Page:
15 OctWhen Partners Depart

Justin Timberlake as Sean Parker and Jesse Eisenberg as Mark Zuckerberg in “The Social Network”.

I saw the latest blockbuster The Social Network this week and was thoroughly entertained from start to finish. Regardless of the accuracy of the portrayal of Facebook’s origins, there were lessons to be learned for any entrepreneur looking to make a buck with anyone else – friend or foe.  Fact is: Mark Zuckerberg and Eduardo Saverin were business partners that severed their relationship and it wasn’t amicable. Ultimately, lawyers had to become involved and Mark Zuckerberg settled. This can be the most expensive route to resolve a business dispute yet tends to be a route taken time and time again.

When considering entering into a business relationship, we must diligently look for the risks. There are always risks in conducting business (side note: please make sure you note them in your business plan) so it is best to think of risky scenarios and plan ways to mitigate them.
Consider this: in a partnership, there is always the risk of a partner moving on. When that happens, how does the fallout look? Will the partner be entitled to keep common stock or should the stock downgrade to non-preferred status since there will be less involvement? Or, must the shares be sold? Will the partner be welcome to remain on the board of directors, be an employee, or exit the premises for good (with no ability to join a similar venture for 3 years)? These questions and more must be answered to handle alleviate potential headaches later on.Nina Kaufman of Ask The Business Lawyer captures several issues an owner should consider when parting ways with a company.

Five tips for mitigating the risk of a poorly severed business partnership are:

  1. Capture everything about an equity partner’s exit in a written agreement and execute this agreement with the monetary or other resource investment. At the very least, make sure it’s captured in an email exchange. In the following link to the blog HighContrast, Simeon Simeonov has some great feedback on what should be captured in agreements for initial investors (or founders).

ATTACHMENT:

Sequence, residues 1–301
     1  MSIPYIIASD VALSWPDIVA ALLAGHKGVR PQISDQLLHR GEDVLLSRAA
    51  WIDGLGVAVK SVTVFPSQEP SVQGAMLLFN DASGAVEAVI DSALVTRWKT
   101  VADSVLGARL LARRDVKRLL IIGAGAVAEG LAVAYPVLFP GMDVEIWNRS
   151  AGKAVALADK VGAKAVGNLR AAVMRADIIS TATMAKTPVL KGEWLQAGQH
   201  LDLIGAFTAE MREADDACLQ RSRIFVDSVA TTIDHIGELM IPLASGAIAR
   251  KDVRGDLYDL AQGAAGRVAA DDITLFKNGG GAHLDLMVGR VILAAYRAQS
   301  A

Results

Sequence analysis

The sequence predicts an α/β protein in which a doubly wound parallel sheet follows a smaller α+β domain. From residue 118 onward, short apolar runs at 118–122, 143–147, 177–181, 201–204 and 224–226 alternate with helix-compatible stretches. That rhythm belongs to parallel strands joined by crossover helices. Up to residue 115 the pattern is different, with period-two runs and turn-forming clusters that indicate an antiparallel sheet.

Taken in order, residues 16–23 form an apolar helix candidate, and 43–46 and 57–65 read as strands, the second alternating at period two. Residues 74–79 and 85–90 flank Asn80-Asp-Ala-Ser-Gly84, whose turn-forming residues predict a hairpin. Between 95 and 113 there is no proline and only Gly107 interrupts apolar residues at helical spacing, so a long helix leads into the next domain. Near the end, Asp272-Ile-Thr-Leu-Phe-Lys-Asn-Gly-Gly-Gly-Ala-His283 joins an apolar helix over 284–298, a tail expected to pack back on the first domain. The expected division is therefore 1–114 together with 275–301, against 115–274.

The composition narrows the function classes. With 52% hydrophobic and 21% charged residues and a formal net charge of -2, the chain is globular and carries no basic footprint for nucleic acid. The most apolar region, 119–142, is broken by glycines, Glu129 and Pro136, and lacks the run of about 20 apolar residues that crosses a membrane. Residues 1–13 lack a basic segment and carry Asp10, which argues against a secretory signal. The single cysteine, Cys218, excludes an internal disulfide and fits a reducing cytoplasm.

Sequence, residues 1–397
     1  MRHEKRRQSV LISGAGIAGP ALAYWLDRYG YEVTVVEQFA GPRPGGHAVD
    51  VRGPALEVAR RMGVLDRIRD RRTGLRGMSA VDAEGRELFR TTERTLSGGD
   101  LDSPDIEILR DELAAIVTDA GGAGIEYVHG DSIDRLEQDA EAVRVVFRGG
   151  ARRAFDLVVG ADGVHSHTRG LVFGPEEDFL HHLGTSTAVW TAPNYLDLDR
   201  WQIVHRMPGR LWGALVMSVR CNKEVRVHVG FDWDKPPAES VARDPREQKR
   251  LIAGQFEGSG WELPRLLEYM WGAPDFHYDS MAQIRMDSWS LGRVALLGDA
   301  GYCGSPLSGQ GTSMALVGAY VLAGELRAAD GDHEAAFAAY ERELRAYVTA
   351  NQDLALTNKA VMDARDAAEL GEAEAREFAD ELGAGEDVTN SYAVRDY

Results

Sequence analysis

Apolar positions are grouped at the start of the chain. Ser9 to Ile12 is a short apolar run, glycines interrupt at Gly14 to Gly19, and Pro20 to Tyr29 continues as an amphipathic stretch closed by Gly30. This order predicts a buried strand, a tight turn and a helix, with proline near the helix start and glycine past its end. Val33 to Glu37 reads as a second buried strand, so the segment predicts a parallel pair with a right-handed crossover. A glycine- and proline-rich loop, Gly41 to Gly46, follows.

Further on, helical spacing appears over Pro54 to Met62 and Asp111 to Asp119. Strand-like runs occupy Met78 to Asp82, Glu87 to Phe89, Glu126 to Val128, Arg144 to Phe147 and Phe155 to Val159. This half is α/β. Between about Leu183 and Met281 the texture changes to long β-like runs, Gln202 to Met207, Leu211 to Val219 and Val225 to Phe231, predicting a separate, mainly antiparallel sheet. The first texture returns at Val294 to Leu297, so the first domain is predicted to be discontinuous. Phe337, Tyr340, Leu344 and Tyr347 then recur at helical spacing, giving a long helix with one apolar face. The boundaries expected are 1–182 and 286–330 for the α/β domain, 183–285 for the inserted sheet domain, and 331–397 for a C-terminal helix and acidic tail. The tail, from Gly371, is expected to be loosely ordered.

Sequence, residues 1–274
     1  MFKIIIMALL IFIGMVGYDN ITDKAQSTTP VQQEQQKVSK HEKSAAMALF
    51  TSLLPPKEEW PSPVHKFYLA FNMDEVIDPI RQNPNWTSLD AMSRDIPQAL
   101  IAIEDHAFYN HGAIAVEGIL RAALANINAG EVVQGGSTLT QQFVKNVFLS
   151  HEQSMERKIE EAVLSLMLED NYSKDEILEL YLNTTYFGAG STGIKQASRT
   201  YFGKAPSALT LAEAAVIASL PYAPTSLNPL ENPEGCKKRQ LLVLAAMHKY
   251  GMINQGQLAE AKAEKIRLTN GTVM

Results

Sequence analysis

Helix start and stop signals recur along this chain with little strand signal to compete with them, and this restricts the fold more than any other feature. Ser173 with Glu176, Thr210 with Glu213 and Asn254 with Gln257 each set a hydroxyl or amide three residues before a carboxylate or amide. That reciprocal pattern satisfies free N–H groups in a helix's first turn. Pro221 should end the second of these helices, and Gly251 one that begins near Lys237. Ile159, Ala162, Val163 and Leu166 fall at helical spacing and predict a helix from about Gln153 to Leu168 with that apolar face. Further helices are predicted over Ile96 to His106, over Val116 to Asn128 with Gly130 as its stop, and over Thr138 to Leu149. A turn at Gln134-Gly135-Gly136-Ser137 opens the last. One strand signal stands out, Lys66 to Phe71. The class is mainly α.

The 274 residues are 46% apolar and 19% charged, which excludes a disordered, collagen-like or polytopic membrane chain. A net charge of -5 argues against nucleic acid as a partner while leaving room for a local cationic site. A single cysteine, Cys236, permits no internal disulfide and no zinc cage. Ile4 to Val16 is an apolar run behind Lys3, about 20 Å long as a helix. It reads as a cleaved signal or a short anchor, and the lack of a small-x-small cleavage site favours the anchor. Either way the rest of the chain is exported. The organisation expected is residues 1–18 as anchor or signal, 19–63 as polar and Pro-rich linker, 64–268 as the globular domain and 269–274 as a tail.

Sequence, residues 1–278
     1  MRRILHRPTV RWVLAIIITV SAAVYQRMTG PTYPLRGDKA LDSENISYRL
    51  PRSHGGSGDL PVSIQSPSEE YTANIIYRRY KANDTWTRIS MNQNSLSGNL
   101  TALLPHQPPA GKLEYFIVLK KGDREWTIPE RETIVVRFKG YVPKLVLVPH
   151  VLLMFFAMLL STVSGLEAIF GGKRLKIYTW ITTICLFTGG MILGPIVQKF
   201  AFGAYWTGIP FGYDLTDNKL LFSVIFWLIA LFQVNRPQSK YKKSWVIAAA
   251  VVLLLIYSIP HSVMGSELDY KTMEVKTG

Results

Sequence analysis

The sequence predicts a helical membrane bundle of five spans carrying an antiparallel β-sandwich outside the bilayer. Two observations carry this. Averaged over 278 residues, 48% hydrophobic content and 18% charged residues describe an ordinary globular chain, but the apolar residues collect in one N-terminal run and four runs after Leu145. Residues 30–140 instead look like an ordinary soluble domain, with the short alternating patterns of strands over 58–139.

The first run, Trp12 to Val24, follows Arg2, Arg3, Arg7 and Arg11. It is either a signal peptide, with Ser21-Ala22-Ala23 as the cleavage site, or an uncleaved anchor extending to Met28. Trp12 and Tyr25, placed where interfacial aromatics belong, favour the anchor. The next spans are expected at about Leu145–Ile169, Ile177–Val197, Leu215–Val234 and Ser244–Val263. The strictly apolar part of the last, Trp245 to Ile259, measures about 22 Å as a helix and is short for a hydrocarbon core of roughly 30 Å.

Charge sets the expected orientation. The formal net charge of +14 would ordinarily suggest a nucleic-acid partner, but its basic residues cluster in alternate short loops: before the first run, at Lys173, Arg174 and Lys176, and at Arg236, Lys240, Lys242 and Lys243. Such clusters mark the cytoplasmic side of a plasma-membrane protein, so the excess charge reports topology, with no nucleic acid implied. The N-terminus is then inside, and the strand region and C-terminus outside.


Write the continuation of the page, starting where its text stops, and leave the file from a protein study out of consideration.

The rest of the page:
2. Read the agreement, and ensure you personally understand the terms. Request drafts of the agreement before receiving the final version. Do not sign on your first point of receiving it either. It’s okay to take it home for the night, a week, whatever’s necessary so that you understand what you are getting yourself into.
  3. Share the agreement with a lawyer who is familiar with your industry to review and provide feedback on areas that are challenging or show vulnerability to you as a shareholder.
  4. Determine the process and jurisdiction to resolve disputes. It is imperative, from the company’s standpoint, to have some semblance of control over how far an investor can go to complicate a dispute with the company.
  5. Be fair.Ultimately, everyone should be clear about the purpose and mission of the company prior to heavily investing in it. With that in mind, make sure you are individually protected and your financial interests are respected.

Incorporating these tips into your decision-making process as a shareholder or company owner can alleviate future misunderstandings with potential partners.

A close family member recently severed a business relationship created by an oral agreement. Although he was unhappy with the relationship for quite a while, it took him a few months to finally express his concerns and demand the relationship to be severed. The moment was awkward and involved some tense, on-the-spot negotiation, but each party went his separate way. That said, it still has the potential to get messy later.

I still believe having multiple parties involved in owning a business will catapult it beyond where it would be if done solo. A takeaway from the movie for Eduardo Saverin, as blogged on CNBC this morning, was

that entrepreneurship and creativity, however complicated, difficult or tortured to execute, are perhaps the most important drivers of business today and the growth of our economy.

We just have to make sure our best intentions are behind each action or decision, and everything is in writing regardless of a person’s status as friend, family or stranger. And go see The Social Network – it was a good movie for 2010!

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2 Responses so far.

  1. admin says:

    Actually, I think friends can be some of the best partners when egos don’t get involved and legal precautions are put in place. Who better to trust than a close friend?

    If it goes south though, it can be a nasty breakup (as we’ve seen). It’s good to know and share your reasons and your partner’s reasons for getting involved before making any moves.

    Thanks for commenting Kesha!

  2. Kesha Brown says:

    I enjoyed this movie as well and am curious about how much is actually true :-)

    Regardless, I too learned a great deal about partnering with others and how to go about doing it legally and with protection for all parties involved.

    I was in a partnership (failed) a while back and wish I’d known half of what I know now!

    Lesson learned (friends don’t [usually] make good partners!) :-)

    Excellent tips!
    ~Kesha